Nov 19, 201012:00 AM
Living, loving, laughing, and learning in the new New Orleans
Beaujolais and Bittersweet
It was almost exactly a year ago, a typical boring Saturday. I’d just gotten an iced coffee at PJ’s and was headed to Rouses with an extensive shopping list when my phone rang and my dad was on the other end, calling from Florida and crying.
“She’s dying,” he told me. “She” was my sister, Ashley, and I knew he was right.
“I’m coming,” I told him, making an immediate U-turn and heading back toward my house.
“Don’t come,” he said. “She doesn’t want to see anyone, and I don’t want to put you through this.”
“You need me,” I said. “You both need me.”
“No,” he said. “Don’t come.”
So I made another U-turn and headed back to the grocery store. “OK,” I said. “Call me if you change your mind.”
I drove two blocks, and then I decided to hell with them and what they thought they wanted. They were family. They needed me. I made another U-turn.
At home, I threw together the bare essentials for a stressful last-minute weekend trip: my toothbrush, clean underwear, a T-shirt, my phone charger, Xanax and three Baby-sitters Club books.
The whole way to Florida, about four hours, I couldn’t stop thinking about my dad and my last trip to see her, six months earlier, a trip we’d initially planned as an intervention. Instead, once we saw the shape she was in, we realized it wasn’t going to work. She’d given up; we, in turn, gave up on fixing her and changed our tack to a Southern dysfunctional family version of palliative care. Instead of putting her in rehab, I made her veal piccata and cheesecake. Instead of taking a stand about her drinking, we all split a bottle of wine, my dad and I drinking from her best crystal wine glasses –– “You’re company!” she insisted –– while her hands shook too badly to manage anything more fragile than a pink plastic tumbler from Kmart. Instead of feeling hopeful or empowered or anything else that the families on Intervention seem to feel, I felt sad and defeated and weak and helpless. “I love you,” I told her again and again, figuring that if I failed at intervening, at least I could succeed at being a sister for once.
On the way there, I’d chattered to my dad about rehab programs, whether six weeks would do any good at all or whether it would need to be more like 16. I’d talked about how Dad and I needed to be a united front. I’d talked about getting her involved in charity work or getting her a puppy. On the way back, we were quiet. We talked, briefly, about whether you can really just let someone die if they don’t want to live. We talked about time, about how long she’d been so sick and how long she had left.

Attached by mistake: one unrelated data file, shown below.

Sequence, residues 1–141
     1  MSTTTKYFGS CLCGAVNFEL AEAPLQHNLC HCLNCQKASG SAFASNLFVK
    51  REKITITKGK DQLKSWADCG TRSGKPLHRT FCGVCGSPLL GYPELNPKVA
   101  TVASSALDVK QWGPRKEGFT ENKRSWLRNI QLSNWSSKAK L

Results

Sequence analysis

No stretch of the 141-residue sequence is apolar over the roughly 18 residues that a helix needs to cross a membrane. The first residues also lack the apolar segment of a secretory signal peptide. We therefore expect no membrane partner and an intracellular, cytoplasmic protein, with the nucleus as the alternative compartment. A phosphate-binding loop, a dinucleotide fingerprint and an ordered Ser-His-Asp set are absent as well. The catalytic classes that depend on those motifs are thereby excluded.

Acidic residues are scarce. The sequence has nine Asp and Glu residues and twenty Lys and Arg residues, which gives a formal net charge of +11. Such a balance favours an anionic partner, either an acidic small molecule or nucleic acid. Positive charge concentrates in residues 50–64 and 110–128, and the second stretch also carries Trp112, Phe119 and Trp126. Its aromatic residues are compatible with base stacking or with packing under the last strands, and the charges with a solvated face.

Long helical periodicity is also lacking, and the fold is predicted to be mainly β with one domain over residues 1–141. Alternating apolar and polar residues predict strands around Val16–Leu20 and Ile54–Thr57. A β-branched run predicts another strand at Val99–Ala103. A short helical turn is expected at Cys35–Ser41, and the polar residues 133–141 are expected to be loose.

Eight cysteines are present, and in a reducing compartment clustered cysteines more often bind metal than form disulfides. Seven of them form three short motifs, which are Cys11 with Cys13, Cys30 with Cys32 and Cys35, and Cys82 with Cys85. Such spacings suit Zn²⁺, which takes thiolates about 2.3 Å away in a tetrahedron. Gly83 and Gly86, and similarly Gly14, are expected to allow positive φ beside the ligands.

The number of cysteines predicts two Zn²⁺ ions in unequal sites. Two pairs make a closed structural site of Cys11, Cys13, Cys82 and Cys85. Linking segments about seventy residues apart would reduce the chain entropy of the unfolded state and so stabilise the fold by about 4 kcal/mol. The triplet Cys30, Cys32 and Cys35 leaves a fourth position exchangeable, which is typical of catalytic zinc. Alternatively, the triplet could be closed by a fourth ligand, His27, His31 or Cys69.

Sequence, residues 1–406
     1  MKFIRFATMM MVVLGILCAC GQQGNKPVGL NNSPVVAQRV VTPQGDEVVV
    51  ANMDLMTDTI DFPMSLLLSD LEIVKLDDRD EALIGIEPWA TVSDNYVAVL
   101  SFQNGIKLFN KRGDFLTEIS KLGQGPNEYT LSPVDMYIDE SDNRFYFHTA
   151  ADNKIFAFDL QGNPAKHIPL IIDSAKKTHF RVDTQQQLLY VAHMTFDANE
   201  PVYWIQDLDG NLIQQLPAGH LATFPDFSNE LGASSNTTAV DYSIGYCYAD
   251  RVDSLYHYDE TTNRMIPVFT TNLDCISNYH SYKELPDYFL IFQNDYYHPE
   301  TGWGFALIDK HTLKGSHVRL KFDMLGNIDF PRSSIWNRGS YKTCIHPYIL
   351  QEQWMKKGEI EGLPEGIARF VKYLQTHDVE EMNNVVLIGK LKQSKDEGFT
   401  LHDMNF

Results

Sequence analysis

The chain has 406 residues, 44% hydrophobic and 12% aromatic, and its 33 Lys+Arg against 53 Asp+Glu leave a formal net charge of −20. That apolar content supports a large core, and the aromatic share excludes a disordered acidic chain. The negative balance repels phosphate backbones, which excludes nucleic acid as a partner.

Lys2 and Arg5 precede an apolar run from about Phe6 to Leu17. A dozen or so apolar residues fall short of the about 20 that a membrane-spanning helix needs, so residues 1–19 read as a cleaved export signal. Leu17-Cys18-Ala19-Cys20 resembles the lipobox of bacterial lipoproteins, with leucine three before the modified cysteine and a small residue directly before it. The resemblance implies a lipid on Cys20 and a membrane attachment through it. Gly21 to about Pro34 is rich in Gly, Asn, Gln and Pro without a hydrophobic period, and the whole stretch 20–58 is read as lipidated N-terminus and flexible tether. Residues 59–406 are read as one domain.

And now, six months later, the clock was ticking down, and I was driving there alone, against their wishes.
By the time I got to Shalimar, it was dark and pouring down rain, and when I showed up on the doorstep, my father wasn’t happy to see me.
“You shouldn’t have,” he said, and he meant it.
“This is probably the only time I’ve ever disobeyed you in my whole life,” I said.
My sister laughed suddenly, coming up behind Dad in the doorway. “I know that’s true!” she said. “You were always the good daughter. I was the wild child!”
And then things were back to normal, as they’d always been, at least sort of. At any rate, these were roles we knew how to play: the bad one, the good one, the father.
“Have a glass of wine,” Ashley said, looking almost perky. “Let’s all have one! To celebrate being together as a family!” And so I went to the fridge and got out a half-full bottle of just-released Beaujolais Nouveau from the door.
“Ah,” I said with a great deal of false cheer and a terrible French accent. “Le Beaujolais Nouveau est arrivé.”
I poured us all a small amount, and we toasted to our family, small and broken and crazy though it was.
It was getting late by then, and my dad was still kind of annoyed with me, so he went to bed, and Ashley and I stayed up. We watched Saturday Night Live and worked our way through another bottle of Beaujolais and retold old family stories and giggled. On the one hand, it felt awful to drink with her, like I was signing her death certificate in my own hand. On the other, this was probably the closest I’d ever felt to her, the most typical “sister” thing we’d done in years.
I left the next day, late in the evening, after fixing dinner for everyone. I wanted to stay, but I had to get back to Ruby and my job and my life.
I hugged Ashley tightly as I left, feeling every bone in her alarmingly thin body and knowing in my gut I would never see her alive again. “I love you,” I said again. “I miss you. I miss you every day.”
I cried the whole way back to New Orleans, sad for her and me and my dad. Sad that I couldn’t help her. Sad that the whole family was such a mess, the whole family tree poisoned by alcohol. I cried my way through the next few days, and when she died in May, I was kind of surprised to find that I was all cried out. For weeks, I waited for the tears, and they never came. I even gave her eulogy completely dry-eyed.
And so I was shocked yesterday, when a friend came over with a bottle of brand-new Beaujolais Nouveau, to find my eyes welling up, remembering.
I would remember her acutely this time of year anyway: Her birthday is Nov. 16, and she would’ve been 50. Her best friend from high school called my dad. “Ashley and I always talked about turning 50 back when we were kids,” Daphne said. “Ashley said she could never imagine being that old. I’m sorry she didn’t live long enough to realize that 50 is just getting started.”
I am, too. But I’m glad that she’s no longer suffering, struggling her way through a life she didn’t want to live any longer.
Beaujolais Day is the third Thursday of November. Thanksgiving is a week later. For the rest of my life, I will think of her on both days –– taking a moment to be thankful that the last memory I have of her is a happy one and another moment to be thankful that she is finally at peace.